Tuesday, 12 August 2008


It’s back to the dunya, and nowhere epitomizes the dunya more than Dubai, where I’ve just spent the last couple of days.

Tarim and Dubai aren’t just on opposite sides of the spectrum, they’re on completely different planets. And to go from one extreme to the other has been more difficult than I could’ve imagined, being thrust into everything we’ve been so far away from for weeks and weeks. Even the view around me is aesthetically distressing—imagine going from seeing mud houses to seeing Burj Dubai, the tallest building in the world.

Other than the moon, absolutely nothing is the same.
I have Tarim withdrawal symptoms.

I can’t get over how much stuff is around us. I’ve gotten so used to subsisting on so very little—and I proved to myself that it’s possible to do so—so everything just seems like such an extravagance, and all the stuff that seems so necessary just seems superfluous. There are four mirrors in my hotel room, and I find myself just looking around at them, bewildered at their uselessness. Why do I need four mirrors?

I spent my first day in Dubai with an uneasy feeling in the pit of my stomach. Not butterflies, but more like a rock. I spent half the day sleeping and woke up feeling uncomfortable, like there was something important I had to do that I had forgotten, or like I had lost something. It seems strange to be doing nothing.

Physically, I couldn't be better. The first thing I did when I got to the hotel was order room service, and man did I enjoy my steak with french fries. And dessert. Then I slept on the poofy pillows in the divinely comfortable hotel bed. Waking up when my body wanted to wake up was pure bliss.

But emotionally, I feel torn. I can't bring myself to shop, and when I did eventually drag myself to a mall, I couldn't help myself from just watching people around me. I felt that I was looking at them from far away, and that everyone scurrying around was failing miserably at seeing the bigger picture, like ants who cannot comprehend the universe around them.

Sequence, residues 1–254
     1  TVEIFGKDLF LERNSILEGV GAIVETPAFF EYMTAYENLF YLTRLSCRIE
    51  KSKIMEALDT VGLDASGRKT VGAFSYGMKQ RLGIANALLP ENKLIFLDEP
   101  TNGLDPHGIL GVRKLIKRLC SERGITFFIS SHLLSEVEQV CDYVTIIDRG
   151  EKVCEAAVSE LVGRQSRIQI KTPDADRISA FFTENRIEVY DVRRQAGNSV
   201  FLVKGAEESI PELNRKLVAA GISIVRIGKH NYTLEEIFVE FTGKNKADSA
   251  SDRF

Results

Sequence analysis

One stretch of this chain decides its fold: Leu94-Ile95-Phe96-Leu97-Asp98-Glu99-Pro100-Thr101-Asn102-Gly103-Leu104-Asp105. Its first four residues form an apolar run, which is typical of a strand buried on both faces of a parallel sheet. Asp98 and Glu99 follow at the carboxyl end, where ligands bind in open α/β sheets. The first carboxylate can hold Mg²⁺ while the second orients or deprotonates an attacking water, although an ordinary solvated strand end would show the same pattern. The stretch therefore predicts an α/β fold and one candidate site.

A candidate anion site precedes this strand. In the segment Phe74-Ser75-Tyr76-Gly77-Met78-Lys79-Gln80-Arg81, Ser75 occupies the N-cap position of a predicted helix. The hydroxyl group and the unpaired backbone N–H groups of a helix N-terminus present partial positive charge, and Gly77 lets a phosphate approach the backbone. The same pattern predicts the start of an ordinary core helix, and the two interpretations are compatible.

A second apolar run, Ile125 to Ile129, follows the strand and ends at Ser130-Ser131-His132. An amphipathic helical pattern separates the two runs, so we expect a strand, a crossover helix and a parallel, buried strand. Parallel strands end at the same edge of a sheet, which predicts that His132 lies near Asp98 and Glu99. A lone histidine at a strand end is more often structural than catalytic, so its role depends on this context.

Dubai is a life of heedlessness. The word soul sucking is perfect for it. The people here have every material thing they could possibly dream of—I even saw an advert for a 24 carat gold facial!—and yet they're still not happy. They're still unfulfilled and striving to fill a gaping hole in their souls which many cannot comprehend. Contrast that with the people of Tarim, whose faces are aglow with spiritual contentment and I just feel all the more depressed.

Oh sure, I had fun with my Dowra sisters who were also here in Dubai for a few days. We went to the movies, stayed up all night talking and enjoyed our caramel popcorn, krispy kreme doughnuts and room service. So I'm happy in a sense, but being plunged into an ocean of materialism with no buffer leaves me adrift in confusion.

Because of the way I was living, it seems like I have crystal clear vision. I can laugh now at the branded sunglasses and bags, looking straight through them as the pathetic displays of ostentation they are. I passed through Harvey Nicholas and I was tempted by nothing. I can see the materialism driven world we live in for the sham it is. But will my eyesight be so clear in a year? In a month even? How quickly will I slip back into my normal life and into my 'normal' way of thinking?

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